It was announced this week that the Scottish Government intends to give councils the power to double council tax on second homes – news which must have been greeted by a rueful laugh by anyone under the age of 35, who are doing well if they can manage one home.

The most recent housing statistics published by the Scottish Government found that 4% of properties were vacant or second homes, and those figures do not include holiday lets.

In addition, the private rented sector in Scotland has more than doubled since 1999, with Holyrood’s annual household survey finding that around 15% of households were living in private rented accommodation compared to 5% in 1999.

There’s a clear age disparity, with 53% of households where the highest earner is between 16 and 34 owning their own home in 1999, falling to 38% in 2019. The latter figure is the same as for private rented accommodation, which 20 years previously had made up just 13% for those in that age bracket.

Read More: SNP Government to consider empty homes owners having to pay double council tax

For many younger people owning their own home is just not something they can aspire to. The cost of buying a house is, on average, five times the average household salary while across the UK house prices have risen by 65 times since 1970 compared to 35 times for average salaries.

Of course, this problem could be overcome by simply spending less time on TikTok or drinking soy frappuccinos and working a bit harder. Never mind that in 1970 the average house price was £4,057 (equivalent to £51,500 today) while it stands at a record £271,613 UK wide today.

Then there’s the issue of social housing. The percentage of households in social housing decreased from 32% to 24% between 1999 and 2019, numbers broadly in line with those for people aged between 16 and 34. The above numbers show that they’re not leaving council housing to buy their own homes, but rather into private lets to make money for landlords.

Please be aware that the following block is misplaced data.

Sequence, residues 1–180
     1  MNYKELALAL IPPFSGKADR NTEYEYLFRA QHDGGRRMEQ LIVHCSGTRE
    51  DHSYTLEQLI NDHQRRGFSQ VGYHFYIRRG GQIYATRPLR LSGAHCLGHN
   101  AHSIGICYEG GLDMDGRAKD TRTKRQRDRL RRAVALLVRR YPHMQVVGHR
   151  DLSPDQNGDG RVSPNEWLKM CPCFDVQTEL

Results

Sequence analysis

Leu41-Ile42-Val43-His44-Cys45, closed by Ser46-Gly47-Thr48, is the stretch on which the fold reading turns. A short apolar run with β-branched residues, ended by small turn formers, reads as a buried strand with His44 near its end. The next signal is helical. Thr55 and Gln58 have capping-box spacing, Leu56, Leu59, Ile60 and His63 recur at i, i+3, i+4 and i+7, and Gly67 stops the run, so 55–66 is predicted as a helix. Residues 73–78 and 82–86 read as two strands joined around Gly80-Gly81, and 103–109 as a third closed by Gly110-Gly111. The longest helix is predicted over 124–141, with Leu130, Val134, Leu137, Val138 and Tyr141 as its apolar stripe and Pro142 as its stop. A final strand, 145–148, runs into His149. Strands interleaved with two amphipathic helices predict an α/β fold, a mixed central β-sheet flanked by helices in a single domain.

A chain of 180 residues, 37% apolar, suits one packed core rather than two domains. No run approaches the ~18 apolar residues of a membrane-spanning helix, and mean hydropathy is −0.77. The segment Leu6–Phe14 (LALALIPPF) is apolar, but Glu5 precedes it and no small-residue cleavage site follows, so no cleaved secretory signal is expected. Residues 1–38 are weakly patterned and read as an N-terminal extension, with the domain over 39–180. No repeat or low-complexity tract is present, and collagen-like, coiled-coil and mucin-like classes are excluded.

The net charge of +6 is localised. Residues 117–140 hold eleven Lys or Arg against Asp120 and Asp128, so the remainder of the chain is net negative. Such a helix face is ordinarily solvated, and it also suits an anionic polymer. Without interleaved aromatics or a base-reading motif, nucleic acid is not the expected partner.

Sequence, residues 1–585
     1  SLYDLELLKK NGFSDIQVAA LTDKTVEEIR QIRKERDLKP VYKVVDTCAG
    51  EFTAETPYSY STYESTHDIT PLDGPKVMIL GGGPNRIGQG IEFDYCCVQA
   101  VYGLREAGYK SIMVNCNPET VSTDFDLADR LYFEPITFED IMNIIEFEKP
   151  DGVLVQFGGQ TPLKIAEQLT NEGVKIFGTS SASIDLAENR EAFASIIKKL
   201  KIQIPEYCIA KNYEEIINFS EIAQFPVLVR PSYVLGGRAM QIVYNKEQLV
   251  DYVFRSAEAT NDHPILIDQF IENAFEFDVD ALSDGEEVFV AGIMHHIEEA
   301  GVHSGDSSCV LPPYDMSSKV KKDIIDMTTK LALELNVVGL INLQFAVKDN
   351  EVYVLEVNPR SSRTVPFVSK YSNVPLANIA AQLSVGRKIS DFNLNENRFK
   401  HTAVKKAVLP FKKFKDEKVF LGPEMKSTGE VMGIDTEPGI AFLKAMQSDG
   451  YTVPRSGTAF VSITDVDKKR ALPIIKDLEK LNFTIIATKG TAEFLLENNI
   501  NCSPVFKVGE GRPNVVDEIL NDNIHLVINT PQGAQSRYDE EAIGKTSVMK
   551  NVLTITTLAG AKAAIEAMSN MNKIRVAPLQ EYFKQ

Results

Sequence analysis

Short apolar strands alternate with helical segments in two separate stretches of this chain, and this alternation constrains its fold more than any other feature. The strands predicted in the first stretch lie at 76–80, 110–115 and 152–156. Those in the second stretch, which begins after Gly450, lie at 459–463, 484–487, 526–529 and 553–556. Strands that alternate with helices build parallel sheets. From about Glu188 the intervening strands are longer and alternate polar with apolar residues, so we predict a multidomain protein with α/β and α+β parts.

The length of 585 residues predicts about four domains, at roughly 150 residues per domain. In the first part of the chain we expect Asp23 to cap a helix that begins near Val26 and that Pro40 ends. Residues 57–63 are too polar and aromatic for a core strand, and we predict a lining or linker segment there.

Read More: SNP to consider empty homes owners having to pay double council tax

That has its roots in Margaret Thatcher’s Right To Buy scheme which, in a sort of modern day enclosure of the commons, took vast swathes of publicly owned properties and handed them over to individuals, with much of the remaining stock in less desirable areas. This is reflected in Scotland today, with 47% of people in the 20% most deprived areas living in council housing compared to just 2% in the least deprived areas.

While the Scottish Government scrapped the Right To Buy scheme in 2016 and has modestly increased the number of social housing units in the last three years, there is a real lack of both social housing and affordable private housing.

One solution is, of course, to build more homes both social and otherwise, and the current government has pledged to build 110,000 affordable homes by 2032. Doubling council tax on second homes is certainly a step in the right direction too, but why not be more bold?

Read More: Gaelic communities hammered by second homes and Airbnb

Stamp duty (or the land and buildings transaction tax as it’s called in Scotland) is devolved and rates for second homes currently range from 6% to 18%. Why not make it 25% to 75%? You’d likely see a vast reduction in the number of people choosing to buy a second home, whether to leave empty or rent out. That would in turn increase the number of available properties and drive down prices, or allow properties to be converted to social housing.

Compulsory purchase orders are, ordinarily, used primarily for squalid flats but they could apply just as well to homes deliberately left empty while they acquire value, or Airbnb-style properties which inflate prices and damage Gaelic communities in more rural areas.

Many will respond that such measures would amount to a ban on second homes and private landlords. Young people unable to see the property ladder, far less get on it, may well respond: “Precisely so; that is just what we intend.”